How are we doing? This is a question startup founders ask themselves multiple times a week. It’s not just the competition against the incumbents and the large tech platforms that founders has to worry about, but most importantly is the company’s performance and product market fit.
Understanding the benchmarks on conversion, retention, and churn for your business is therefore critical. They encompass the effectiveness of marketing (the startup’s ability to reach and resonate with target customers) and stickiness (the product’s ability to deliver value to customers over time). I previously wrote about startup benchmarks in the context of funding readiness, so it was time to give it a re-fresh.
Let’s get the definitions straight:
- Conversion: The percentage of potential customers who complete a desired action, such as signing up for a trial, making a purchase, or subscribing to a service. In digital marketing, this is typically measured by the conversion rate, which is the number of conversions divided by the number of total visitors or leads. In SaaS in can be the conversion from trial to paying customer, and in consumer subscription it can be the conversion from download to subscriber.
- Retention: The percentage of customers who continue to use a product or service after a certain period of time, typically measured over weeks, months, or years. A high retention rate indicates that customers find the product or service valuable and are likely to continue using it in the future.
- Churn: The percentage of customers who stop using a product or service after a certain period of time, typically measured over weeks, months, or years. A high churn rate indicates that customers are leaving the product or service, which can be an indication that they are dissatisfied with it or that a competitor is providing a better alternative.
Unlike 2021, when money was cheap and plentiful, the mantra for startups is no longer blitzscaling and growth at all costs. In a contracted venture capital environment, where external funding is more difficult to raise, founders know that they need to make due with less, and extend the runway further.
Whether you are a B2B SaaS company or a B2C mobile app, knowing how your business stacks up against industry averages can help you make informed decisions and drive growth. In this post, we’ll take a closer look at the benchmarks on conversion, retention and churn for the key business models.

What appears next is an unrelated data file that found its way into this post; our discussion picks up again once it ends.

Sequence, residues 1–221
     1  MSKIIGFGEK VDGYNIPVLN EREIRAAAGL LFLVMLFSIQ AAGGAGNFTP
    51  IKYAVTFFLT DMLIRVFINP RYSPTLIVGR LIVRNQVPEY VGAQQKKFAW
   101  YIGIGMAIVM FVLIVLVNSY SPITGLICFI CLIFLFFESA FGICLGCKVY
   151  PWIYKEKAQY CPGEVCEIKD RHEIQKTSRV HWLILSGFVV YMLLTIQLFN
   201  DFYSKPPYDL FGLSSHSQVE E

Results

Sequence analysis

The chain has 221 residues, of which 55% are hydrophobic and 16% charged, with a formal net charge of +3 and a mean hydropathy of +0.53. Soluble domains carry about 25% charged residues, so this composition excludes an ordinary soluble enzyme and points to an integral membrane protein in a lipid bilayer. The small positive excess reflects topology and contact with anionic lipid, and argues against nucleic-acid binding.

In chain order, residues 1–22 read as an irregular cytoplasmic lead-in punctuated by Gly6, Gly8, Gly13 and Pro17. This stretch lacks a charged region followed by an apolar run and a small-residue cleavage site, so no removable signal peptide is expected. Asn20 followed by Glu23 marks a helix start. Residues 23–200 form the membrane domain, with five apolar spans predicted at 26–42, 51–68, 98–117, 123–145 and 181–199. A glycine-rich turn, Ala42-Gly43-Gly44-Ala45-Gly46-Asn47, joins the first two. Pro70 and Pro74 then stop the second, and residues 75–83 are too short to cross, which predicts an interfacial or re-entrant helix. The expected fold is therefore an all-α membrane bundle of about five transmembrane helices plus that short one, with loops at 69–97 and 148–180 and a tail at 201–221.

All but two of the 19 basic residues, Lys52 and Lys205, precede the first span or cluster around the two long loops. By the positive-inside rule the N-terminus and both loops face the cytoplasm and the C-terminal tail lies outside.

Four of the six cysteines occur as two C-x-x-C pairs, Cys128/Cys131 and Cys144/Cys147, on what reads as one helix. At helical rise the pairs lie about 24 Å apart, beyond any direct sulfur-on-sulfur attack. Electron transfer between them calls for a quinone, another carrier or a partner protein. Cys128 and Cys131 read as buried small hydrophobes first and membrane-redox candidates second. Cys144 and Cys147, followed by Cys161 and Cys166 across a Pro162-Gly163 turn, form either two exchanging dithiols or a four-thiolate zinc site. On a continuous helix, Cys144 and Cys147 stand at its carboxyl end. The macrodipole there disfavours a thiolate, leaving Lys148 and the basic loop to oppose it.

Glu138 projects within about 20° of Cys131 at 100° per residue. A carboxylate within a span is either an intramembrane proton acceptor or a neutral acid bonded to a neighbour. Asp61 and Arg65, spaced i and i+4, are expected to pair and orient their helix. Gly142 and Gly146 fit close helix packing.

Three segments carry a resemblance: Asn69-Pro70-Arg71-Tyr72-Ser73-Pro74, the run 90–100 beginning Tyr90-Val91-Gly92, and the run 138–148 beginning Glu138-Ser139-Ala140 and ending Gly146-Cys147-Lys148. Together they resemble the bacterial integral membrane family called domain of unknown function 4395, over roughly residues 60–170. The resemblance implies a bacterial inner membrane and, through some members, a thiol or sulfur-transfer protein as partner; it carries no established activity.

It’s worth noting that these benchmarks are based on general industry averages and can vary widely depending on the specific business and other factors such as target market, pricing, and competition. The benchmarks are based on the US market.
The money shot: benchmarks on conversion, retention, and churn for key online business models
|Business Model||Conversion Rate||Retention Rate||Churn Rate||Seed Stage||Series A||Series B|
|B2B SaaS||7% (average)||95% (average)||5% (average)||5-10%||15-20%||25-30%|
|B2C Mobile||2% (average)||70-75% (within first 90 days)||25-30% (within first 90 days)||3-5%||8-10%||15-20%|
|B2C Subscription||7.3% (average)||92-94% (average)||6-8% (average)||7-10%||15-20%||25-30%|
|E-commerce||1-3% (average)||40-60% (average)||40-60% (average)||2-4%||5-8%||10-15%|
|Marketplace||1-2% (average)||20-40% (average)||60-80% (average)||1-2%||2-4%||5-10%|
|On-demand Services||3-5% (average)||30-50% (average)||50-70% (average)||5-8%||10-15%||20-25%|
The benchmarks were generated by ChatGPT (it’s an amazing tool) and are mainly based on companies in the United States. The sources for the data include studies by HubSpot, Recurly, MarketingSherpa and more. I cross referenced some of the benchmarks with other known sources. For example, in B2B SaaS conversion, OpenView Partners 2022 benchmark report found that the average conversion rate for B2B SaaS businesses was 7.3% based on a sample of over 300 SaaS companies. You can get a downloadable version here.
In consumer subscription on the other hand, one of the big challenges is retention. Some studies suggest that the best consumer subscription companies are able to retain 65% of their revenue after one year. Retention over 50% is considered top quartile. Lenny Rachitsky’s post ‘what is good retention‘ is a couple of years old but goes deeper into consumer subscription benchmarks. I also previously wrote about the rise of consumer subscription as well as the ‘consumerisation of enterprise software‘ on VC Cafe, and I recommend Ben Futoriansky’s post with additional benchmarks.
Another factor to consider when it comes to achieving these metrics is the cost of acquisition, or CAC. I decided not to include them because they can be highly subjective depending on the market and business model and it would create unnecessary confusion. Hope you find this helpful.